About Data Protection and Data Retention in Romania

Simona Şandru

Abstract

Romania has a relatively short democratic experience in the protection of individual rights, including the right to privacy which was expressly stated for the first time in the 1991 Constitution. The lack of legal protection of the most intimate aspects of a human being for so many years is quite explainable, as a totalitarian state, which was the case with Romania, usually exhibits the so-called “social rights”, and inhibits the natural and indefeasible rights as privacy. Human rights became really significant primarily not because of their intrinsic value naturally acknowledged by the Romanian legislators, but especially due to external obligations related to the potential membership in international organizations such as the Council of Europe or the European Union. The right to personal data protection was subject to the same process of legal “transplant” and internal acceptance. The European Union rules related to data protection were transposed by national laws, as part of the “acquis communautaire”, which have become the core elements of the Romanian legal regime on data protection, no local particularities being added. However, another act to transpose, the directive on data retention, encountered difficulties in entering the Romanian legal system, due to constitutional considerations on individuals’ rights.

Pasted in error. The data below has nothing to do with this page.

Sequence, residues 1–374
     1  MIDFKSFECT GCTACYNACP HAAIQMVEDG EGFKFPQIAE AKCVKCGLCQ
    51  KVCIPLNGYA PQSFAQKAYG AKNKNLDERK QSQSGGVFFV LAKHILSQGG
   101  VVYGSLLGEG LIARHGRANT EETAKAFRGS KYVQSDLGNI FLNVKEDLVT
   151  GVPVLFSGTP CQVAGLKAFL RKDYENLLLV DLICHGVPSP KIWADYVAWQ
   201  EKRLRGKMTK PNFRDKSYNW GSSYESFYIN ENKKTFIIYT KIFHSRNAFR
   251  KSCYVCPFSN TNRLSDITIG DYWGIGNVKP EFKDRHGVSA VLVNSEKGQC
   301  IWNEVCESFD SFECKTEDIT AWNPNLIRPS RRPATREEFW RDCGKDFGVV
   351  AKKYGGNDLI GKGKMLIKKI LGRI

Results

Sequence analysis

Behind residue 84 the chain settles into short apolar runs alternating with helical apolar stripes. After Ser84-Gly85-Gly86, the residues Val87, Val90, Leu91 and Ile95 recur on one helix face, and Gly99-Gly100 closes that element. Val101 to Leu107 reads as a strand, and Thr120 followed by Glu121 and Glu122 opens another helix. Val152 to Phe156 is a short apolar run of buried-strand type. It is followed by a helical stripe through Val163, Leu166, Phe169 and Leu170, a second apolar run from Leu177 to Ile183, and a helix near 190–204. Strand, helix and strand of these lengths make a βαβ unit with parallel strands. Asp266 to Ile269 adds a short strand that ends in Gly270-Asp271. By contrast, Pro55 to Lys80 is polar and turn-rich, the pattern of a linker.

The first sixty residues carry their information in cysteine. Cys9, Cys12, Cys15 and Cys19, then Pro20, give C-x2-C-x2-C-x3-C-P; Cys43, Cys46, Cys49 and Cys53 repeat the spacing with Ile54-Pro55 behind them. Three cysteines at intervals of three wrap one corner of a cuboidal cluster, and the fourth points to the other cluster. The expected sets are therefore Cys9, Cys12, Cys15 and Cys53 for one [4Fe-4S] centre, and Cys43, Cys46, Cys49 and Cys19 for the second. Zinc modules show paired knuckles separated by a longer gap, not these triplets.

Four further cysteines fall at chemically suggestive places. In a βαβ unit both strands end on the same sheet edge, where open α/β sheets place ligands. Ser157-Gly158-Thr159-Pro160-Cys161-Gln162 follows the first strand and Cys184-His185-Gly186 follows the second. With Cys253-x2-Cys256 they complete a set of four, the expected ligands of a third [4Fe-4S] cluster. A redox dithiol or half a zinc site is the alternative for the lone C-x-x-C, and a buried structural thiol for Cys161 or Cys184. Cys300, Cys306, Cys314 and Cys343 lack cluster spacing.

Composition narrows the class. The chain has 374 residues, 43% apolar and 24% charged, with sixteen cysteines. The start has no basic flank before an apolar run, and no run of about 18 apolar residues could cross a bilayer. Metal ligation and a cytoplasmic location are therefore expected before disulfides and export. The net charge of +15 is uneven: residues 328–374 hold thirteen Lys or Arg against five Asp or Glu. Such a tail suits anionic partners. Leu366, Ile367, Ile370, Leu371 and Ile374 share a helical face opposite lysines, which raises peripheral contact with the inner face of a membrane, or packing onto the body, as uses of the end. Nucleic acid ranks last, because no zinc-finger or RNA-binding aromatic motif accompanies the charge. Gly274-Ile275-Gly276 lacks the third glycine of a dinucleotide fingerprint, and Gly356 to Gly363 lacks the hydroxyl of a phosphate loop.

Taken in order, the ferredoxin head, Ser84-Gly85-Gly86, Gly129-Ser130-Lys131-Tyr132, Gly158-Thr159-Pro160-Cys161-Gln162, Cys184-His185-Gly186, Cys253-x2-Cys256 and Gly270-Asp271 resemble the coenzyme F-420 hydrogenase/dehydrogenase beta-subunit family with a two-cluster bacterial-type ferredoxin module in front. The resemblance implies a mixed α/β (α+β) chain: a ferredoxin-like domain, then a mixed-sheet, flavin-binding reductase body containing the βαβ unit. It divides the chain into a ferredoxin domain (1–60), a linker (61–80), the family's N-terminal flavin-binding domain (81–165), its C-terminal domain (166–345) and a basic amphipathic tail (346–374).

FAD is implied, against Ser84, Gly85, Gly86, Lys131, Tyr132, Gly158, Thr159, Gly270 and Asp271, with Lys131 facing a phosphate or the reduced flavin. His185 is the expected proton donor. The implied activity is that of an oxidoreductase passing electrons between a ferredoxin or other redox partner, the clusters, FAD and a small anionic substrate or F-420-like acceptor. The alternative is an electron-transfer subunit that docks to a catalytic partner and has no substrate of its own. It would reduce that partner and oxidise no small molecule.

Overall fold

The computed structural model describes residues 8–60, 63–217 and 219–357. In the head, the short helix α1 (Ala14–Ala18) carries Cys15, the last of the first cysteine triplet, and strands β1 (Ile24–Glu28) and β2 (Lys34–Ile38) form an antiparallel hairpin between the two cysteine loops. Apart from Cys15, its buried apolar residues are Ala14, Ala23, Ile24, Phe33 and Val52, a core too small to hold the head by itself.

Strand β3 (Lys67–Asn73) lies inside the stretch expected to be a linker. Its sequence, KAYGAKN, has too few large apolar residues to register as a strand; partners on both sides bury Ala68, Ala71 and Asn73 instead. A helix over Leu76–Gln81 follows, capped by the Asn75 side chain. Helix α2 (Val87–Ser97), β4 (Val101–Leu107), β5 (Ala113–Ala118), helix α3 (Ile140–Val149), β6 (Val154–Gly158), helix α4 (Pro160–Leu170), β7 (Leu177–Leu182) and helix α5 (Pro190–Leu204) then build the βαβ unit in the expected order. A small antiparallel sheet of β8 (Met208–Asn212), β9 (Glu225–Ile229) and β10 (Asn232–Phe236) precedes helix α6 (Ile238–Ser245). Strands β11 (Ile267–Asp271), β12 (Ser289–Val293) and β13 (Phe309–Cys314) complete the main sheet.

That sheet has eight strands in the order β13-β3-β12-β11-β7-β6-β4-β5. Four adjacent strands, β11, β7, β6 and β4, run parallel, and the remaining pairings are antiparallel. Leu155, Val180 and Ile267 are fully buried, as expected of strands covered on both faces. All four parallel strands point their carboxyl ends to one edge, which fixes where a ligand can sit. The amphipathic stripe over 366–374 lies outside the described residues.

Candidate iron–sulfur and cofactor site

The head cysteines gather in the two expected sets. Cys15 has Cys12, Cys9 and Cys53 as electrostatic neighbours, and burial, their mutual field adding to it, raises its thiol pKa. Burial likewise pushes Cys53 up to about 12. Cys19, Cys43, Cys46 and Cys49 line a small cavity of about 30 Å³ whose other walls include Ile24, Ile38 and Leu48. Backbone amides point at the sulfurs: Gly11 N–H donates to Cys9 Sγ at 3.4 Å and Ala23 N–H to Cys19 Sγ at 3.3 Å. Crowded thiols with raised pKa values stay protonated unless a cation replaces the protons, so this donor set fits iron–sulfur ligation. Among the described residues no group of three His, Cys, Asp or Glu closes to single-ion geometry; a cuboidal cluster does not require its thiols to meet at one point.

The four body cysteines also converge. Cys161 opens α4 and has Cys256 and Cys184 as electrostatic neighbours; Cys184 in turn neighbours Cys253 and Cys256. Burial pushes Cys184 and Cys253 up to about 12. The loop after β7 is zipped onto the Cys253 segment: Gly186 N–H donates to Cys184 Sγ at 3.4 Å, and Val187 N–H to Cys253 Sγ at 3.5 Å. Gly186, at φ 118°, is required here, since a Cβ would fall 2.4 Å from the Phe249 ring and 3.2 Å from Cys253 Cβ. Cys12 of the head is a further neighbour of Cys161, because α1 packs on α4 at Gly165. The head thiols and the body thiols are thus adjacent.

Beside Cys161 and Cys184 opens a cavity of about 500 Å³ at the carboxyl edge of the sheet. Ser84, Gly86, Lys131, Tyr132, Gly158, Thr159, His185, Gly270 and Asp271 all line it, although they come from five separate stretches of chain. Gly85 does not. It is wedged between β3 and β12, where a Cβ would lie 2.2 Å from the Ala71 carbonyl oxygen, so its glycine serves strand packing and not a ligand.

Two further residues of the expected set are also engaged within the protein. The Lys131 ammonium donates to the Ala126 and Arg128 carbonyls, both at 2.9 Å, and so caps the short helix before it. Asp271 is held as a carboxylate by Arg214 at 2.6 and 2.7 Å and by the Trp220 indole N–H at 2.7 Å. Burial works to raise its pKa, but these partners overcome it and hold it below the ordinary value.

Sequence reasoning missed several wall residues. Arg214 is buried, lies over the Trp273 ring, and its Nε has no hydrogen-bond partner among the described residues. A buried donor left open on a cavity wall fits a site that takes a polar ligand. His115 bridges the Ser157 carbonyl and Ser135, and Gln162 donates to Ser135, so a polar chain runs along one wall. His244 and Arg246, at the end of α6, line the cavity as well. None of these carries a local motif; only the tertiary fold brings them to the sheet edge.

Full Text:



Copyright (c) 2014 Masaryk University Journal of Law and Technology